The first part of this tutorial is to install the Zend Framework library. For this tutorial I will be using PHP 5.5, but you could use PHP 5.4 but you should not be using anything less as version 5.3 has entered it’s end of life now. I am also using an Ubuntu Server 14.04 on a virtual machine (VM), the install is a minimum install with only a SSH server installed so I can reach it via putty, or a terminal window. My method of teaching will be using a non automated way, I believe this will help you have a greater understanding of Zend Framework and installing software in a server environment.

I recommend having a Ubuntu server in a virtual machine so we can simulate how the code will run on a server, but it’s not necessary. I will be adding a tutorial on how to do this later.

If you haven’t already then you should install PHP on your computer, you can find the instructions for this at the PHP website. If you are on a Linux computer then you can get PHP installed via your package manager, if you are running a Debian version like Ubuntu, Raspberry Pi or Debian itself then you can install using the terminal window (make sure you have the right permissions to install packages) like:

For now we will only install the command line interface, we will install a full web server later when we finish the “Hello World” tutorial. If you are running running the lastest OSX then PHP is already installed, if you are running Windows then I would suggest you install Linux in a virtual machine like virtualbox as PHP under Window can be a little quirky I have found and it is better on an Linux box as it was written that environment. If you would like me to write a tutorial on setting up a virtual machine let me know in the comments.

Once you have PHP installed then you can test it with the command, php -v this should return something like:

So as you can see I have my php installed and now. On a clean Ubuntu install once you have connected to you VM you should be in your home directory for me that’s /home/shaun.

First make a folder called ‘public’, this is where all you code for your projects will live:

Then create a new folder inside this one called ‘zf2-tutorial’ this is where all our tutorial code will live.

now we are going to move into this directory with:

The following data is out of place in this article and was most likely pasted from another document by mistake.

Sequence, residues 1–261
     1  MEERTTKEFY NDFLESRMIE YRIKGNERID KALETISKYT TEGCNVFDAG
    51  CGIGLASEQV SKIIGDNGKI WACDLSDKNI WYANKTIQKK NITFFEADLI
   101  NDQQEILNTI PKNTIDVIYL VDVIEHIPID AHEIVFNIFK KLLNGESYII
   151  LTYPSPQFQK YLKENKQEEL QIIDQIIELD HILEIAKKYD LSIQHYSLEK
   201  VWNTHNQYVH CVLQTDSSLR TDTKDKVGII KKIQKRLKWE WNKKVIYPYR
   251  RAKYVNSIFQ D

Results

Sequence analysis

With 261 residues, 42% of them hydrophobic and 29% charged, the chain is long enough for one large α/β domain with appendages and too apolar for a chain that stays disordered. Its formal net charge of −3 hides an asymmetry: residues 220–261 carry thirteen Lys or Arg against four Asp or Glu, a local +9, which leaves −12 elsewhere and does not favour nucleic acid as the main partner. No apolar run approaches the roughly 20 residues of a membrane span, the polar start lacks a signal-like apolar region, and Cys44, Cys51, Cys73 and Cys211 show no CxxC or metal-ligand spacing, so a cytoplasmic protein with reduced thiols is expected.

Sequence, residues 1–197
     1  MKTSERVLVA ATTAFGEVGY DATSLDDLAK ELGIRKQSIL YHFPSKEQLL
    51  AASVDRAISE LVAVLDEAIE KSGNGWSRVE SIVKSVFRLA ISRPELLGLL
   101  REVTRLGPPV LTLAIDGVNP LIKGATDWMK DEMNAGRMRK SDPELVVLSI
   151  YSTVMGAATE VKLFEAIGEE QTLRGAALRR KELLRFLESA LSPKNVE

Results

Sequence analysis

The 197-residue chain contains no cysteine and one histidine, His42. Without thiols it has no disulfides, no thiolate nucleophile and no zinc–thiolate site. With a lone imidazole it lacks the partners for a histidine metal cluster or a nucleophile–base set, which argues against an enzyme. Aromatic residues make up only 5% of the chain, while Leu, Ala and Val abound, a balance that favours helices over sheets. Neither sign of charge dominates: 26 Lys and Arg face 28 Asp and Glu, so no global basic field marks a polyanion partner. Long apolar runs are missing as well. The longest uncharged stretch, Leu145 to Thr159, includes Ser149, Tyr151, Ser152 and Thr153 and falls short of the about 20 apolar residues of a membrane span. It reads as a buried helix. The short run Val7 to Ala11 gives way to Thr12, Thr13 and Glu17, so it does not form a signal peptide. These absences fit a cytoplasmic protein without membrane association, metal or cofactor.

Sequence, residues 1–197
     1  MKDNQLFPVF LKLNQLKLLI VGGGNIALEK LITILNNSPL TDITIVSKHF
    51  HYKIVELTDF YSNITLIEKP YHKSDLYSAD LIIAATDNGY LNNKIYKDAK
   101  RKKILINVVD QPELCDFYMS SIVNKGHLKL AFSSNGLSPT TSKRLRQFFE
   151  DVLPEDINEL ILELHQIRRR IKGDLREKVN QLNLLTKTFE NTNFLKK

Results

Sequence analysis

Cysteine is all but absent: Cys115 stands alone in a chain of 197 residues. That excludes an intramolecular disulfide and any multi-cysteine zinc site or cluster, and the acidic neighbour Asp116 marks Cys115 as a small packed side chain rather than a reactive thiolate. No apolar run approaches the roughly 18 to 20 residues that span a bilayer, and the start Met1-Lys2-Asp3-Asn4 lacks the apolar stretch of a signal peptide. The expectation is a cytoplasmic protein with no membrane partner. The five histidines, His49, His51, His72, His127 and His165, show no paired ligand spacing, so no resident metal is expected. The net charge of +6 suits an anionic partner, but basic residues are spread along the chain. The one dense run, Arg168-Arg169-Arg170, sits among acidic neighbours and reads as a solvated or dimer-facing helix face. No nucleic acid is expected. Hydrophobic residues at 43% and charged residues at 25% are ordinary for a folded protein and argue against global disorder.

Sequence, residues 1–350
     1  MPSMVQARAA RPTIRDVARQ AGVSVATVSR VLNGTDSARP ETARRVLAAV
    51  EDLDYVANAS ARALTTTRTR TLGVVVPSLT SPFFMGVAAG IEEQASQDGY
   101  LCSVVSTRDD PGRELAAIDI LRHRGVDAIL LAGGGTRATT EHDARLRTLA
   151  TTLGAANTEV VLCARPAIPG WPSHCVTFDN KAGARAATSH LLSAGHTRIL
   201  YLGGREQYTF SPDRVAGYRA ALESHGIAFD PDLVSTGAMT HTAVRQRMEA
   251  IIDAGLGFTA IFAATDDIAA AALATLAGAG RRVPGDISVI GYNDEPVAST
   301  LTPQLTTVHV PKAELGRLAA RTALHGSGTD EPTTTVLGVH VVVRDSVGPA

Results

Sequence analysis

We are going to install composer which will handle all our dependencies like Zend Framework, using composer will greatly help us install and keep updated all our libraries we will use for more info go to Before we install composer we will need curl so:

Now we can install composer, this will install it in this directory.

When you invoke this command you will see something like this output:

We can have composer installed globally on Linux and Mac by:

Now we can invoke composer with the command composer, for more details see I will take it we have install composer globally if you haven’t then just swap the command composer with php composer.phar.

First we have to write a config file for composer to parse, this will include all our dependencies, which is just Zend Framework for now, so in our zf2-tutorial directory make a new file called ‘composer.json’, the config file uses the json format. the command line text editor I like is called nano which is easier than vi, so lets install nano first.

Once installed type:

This will open a editing screen then type:

This tells composer we will require the Zend Framwork version 2.3 and to install all minor updates and where to get it which is where most packages will reside. Now press Ctrl o to save the file and Ctrl x to exit back to the command line. Now we can install Zend Framework with:

Which should give you an output like:

Congratulations you have installed Zend Framework! It will be in a new folder called vendor this is where composer installs all dependent libraries.

Every now and then we will want to update Zend Framework which can be done via composer update.

Next article in this series will focus on the Zend Framework ‘Hello World’ app.


  • Henry

    Hi Shaun,
    I am new to Zend Framework and Ubuntu.
    When I found and read this article I’m so excited and I want to learn more from you. Please continue on writing ZF2 tutorial. 🙂

    • Thanks Henry,
      I certainly will, I have been quite busy just recently with a ZF2 project I am working on called Uthando-CMS.
      Is there any subject you would like me to cover first? Or would you like to see how we can get the simple application going first?

      And thanks for reading as I thought no one was…

      • Henry

        Hi Shaun,

        No need to thanks me Shaun. I’m the one who need to say thanks 🙂
        It’s been a while since I’m confused and struggling found a good tutorial. It’s just a matter of time the others will find and read your writing Shaun.

        And good luck with your project Shaun. 🙂

  • Henry

    I would like to see how we can get the simple application going first Shaun. Because I think it’s better for me to know the basic first. I want to be honest here. Even if I can build a ZF2 application using zf2 skeleton application, I still know nothing about ZF, that’s why I found your article is very interesting. I hope you can help many beginner in ZF like me Shaun. 🙂

    I hope you understand what I mean Shaun. Sorry for my bad english.

  • Dan Waber

    Thank you.. it is very helpful…

  • But sir how we open this in localhost?

    • Shaun Freeman


      Thanks for reading, if you read part 3 in this series you will get your answer.

  • Pramod Sah

    Hi Shaun,
    After searching too much on google I got this article. Really its very simple and easy to understand.

    Pramod Sah

    • Shaun Freeman

      Thank you, I am glad it helped you. Happy coding!.